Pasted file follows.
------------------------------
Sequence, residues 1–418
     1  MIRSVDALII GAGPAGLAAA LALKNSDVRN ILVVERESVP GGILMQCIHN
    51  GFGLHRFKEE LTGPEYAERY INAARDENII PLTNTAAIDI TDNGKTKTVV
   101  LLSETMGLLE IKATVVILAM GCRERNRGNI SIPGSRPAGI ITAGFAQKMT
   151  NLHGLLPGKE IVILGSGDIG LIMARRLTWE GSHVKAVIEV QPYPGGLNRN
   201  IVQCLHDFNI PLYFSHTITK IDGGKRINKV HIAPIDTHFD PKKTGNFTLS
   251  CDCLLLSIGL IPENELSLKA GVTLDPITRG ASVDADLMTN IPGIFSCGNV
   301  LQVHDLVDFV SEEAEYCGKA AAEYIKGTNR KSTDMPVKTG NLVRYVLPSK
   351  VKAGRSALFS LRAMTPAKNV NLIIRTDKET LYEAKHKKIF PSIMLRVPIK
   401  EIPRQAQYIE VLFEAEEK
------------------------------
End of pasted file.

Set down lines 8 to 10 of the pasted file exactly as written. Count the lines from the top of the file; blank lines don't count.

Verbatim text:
   301  LQVHDLVDFV SEEAEYCGKA AAEYIKGTNR KSTDMPVKTG NLVRYVLPSK
   351  VKAGRSALFS LRAMTPAKNV NLIIRTDKET LYEAKHKKIF PSIMLRVPIK
   401  EIPRQAQYIE VLFEAEEK